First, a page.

On Israel visit, Florida governor signs agreements in various tech fields
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On Israel visit, Florida governor signs agreements in various tech fields

Ron DeSantis’s delegation works with Israeli officials on key issues, including space, agriculture, water and cybersecurity

Florida Governor Ron DeSantis waves to the gallery as he makes his state of the state speech on the first day of legislative session, March 5, 2019, in Tallahassee, Florida. (AP Photo/Steve Cannon)
Florida Governor Ron DeSantis waves to the gallery as he makes his state of the state speech on the first day of legislative session, March 5, 2019, in Tallahassee, Florida. (AP Photo/Steve Cannon)

Republican Florida Gov. Ron DeSantis signed agreements Tuesday with Israeli officials to work on issues like space technology, agriculture, protecting water and cybersecurity.

The deals were part of a full schedule Tuesday, the third day of the US politician’s trade mission to Israel. His delegation also toured the Peres Center for Peace and Innovation.

Florida emergency management director Jared Moskowitz toured the Gaza border region and the emergency management center there. He praised an Israeli program that sends messages to residents’ cell phones during emergency events and said Florida could learn from the technology.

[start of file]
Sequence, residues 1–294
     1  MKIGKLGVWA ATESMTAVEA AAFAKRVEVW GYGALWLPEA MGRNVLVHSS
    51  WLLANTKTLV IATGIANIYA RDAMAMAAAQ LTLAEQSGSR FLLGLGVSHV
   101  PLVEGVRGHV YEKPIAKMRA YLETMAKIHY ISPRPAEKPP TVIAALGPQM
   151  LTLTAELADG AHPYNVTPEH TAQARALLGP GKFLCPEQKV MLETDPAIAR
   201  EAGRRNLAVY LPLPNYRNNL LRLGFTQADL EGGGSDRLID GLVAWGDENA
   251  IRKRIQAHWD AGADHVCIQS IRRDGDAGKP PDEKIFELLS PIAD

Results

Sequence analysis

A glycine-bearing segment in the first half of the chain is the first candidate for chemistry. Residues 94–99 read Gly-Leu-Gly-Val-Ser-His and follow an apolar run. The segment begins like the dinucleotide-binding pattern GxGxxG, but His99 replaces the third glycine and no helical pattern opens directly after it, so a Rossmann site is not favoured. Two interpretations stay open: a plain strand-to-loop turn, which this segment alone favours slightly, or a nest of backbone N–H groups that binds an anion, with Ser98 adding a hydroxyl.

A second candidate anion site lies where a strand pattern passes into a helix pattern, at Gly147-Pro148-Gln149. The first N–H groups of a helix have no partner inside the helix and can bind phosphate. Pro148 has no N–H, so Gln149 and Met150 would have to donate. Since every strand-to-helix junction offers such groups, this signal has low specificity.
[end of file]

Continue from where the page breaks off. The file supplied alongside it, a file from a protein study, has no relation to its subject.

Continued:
Moskowitz signed an agreement with Israeli officials which will lay groundwork to have Israeli emergency officials help Florida if the state has a major disaster.

DeSantis came to Israel Saturday with a delegation of close to 100 people, a trip that will include a ceremonial meeting with the independently elected Florida Cabinet, comprised of Attorney General Ashley Moody, Chief Financial Officer Jimmy Patronis and Agriculture Commissioner Nikki Fried.

In this January 30, 2019 photo, Florida Agriculture Commissioner Nikki Fried speaks at a pre-legislative news conference, in Tallahassee, Florida. (AP Photo/Steve Cannon, File)

Fried joined DeSantis’ delegation after completing her own trade mission.

On Wednesday, she will join DeSantis and the other two Cabinet members for a meeting at the US embassy in Jerusalem. The meeting had raised questions about whether it was violating Florida’s open government laws because the public has a right to attend Cabinet meetings.

DeSantis and the Cabinet, however, don’t plan to conduct state business at the meeting, but rather sign proclamations declaring their support for Israel.

Reporters covering the governor’s trip were told they will not be allowed to bring laptops or cell phones into the meeting because of security issues. It will be broadcast on The Florida Channel, a state-funded news service that covers state government.

“My understanding is it’s gone back to being ceremonial in nature,” Fried said of the meeting. “A discussion on the Florida/Israeli relationship and I believe proclamations that are being presented. I believe that is it.”

But she added that she hasn’t had any briefings from the governor’s office about the meeting agenda.

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